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Default The genesis of terrorism in the Sahara: Al Qaeda in the Islamic Maghreb

An interesting analysis of AQIM and how it has made itself at home in the barren parts of the Sahel, in Niger and Mali:http://www.opendemocracy.net/opensec...utm_campaign=0

As AQIM activities appear to revolve around kidnapping the last sentence is telling:
Quote:
The criminalisation of the Sahel’s political economy might cause more enduring damage than the Jihad.
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Old 04-20-2011   #34
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Default AQIM podcast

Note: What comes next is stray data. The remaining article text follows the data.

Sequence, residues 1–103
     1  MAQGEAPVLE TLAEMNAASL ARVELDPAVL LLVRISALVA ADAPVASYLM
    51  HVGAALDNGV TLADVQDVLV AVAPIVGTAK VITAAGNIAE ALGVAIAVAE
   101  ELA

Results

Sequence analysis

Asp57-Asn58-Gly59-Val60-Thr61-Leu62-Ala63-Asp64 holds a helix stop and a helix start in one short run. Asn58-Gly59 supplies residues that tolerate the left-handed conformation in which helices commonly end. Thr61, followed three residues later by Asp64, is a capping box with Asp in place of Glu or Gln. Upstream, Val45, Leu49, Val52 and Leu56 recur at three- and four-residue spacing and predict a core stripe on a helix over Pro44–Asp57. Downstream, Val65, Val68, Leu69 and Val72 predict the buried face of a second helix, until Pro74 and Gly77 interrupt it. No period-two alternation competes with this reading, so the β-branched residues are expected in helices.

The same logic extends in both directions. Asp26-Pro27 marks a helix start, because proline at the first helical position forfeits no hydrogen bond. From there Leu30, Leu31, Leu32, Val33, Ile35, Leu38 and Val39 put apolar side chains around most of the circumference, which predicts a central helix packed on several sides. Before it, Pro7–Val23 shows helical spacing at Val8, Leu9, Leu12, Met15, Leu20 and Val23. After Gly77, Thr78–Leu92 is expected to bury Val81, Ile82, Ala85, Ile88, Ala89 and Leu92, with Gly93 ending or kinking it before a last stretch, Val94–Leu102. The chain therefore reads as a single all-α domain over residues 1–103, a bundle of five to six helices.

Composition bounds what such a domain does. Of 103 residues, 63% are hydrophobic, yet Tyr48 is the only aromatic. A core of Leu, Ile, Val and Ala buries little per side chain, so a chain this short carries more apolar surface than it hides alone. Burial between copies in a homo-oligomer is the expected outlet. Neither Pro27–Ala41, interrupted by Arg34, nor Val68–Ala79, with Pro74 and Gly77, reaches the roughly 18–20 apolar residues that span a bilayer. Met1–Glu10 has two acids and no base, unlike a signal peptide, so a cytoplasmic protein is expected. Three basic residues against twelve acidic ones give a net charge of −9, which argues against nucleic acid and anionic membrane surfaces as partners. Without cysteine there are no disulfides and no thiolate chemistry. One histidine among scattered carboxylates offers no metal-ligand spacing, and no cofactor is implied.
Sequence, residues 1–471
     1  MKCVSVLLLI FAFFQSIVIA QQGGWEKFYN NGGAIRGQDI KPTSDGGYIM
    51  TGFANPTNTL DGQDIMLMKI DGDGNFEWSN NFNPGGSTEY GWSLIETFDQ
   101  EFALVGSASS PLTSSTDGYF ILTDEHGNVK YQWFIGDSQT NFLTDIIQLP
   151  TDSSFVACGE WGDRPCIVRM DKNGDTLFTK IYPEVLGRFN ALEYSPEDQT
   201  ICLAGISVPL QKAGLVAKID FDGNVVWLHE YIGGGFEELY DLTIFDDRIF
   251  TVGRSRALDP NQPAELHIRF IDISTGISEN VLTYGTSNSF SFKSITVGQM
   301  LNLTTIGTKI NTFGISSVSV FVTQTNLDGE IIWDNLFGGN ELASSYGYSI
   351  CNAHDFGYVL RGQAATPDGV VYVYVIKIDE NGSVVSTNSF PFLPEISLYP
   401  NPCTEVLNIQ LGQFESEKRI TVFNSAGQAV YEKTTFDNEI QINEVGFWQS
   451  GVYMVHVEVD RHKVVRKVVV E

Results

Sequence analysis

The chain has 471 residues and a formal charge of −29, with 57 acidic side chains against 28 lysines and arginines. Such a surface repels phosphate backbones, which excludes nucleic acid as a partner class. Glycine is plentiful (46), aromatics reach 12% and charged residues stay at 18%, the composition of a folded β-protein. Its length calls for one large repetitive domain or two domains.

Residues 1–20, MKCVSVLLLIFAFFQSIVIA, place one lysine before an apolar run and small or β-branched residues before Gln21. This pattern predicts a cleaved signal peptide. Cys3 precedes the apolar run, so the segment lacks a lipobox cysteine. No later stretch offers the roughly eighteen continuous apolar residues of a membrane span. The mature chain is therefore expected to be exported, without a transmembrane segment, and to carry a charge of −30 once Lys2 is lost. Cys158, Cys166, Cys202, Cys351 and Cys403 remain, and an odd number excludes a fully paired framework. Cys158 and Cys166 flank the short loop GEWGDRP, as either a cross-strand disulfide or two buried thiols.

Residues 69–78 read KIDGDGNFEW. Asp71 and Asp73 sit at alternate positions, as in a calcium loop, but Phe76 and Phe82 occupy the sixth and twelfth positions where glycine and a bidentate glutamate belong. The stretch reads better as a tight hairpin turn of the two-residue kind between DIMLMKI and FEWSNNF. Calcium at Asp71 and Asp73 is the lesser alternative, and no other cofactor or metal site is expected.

The author of the previous article is back:
Quote:
Yvan Guichaoua, West Africa expert researching non-government armed groups, describes what kind of force Al Qaida in the Islamic Maghreb is, what motivates its members and what are the conditions of its success. Smuggling, fast cars, and the economics of ransoms combine with ideology to create a threat.
Podcast - forty minutes - and yet to be listened to:http://www.opendemocracy.net/yvan-gu...4-20%2005%3a30
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Old 05-20-2011   #35
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Default West Africa's 'cocaine coast'

An IISS Strategic Comment:
Quote: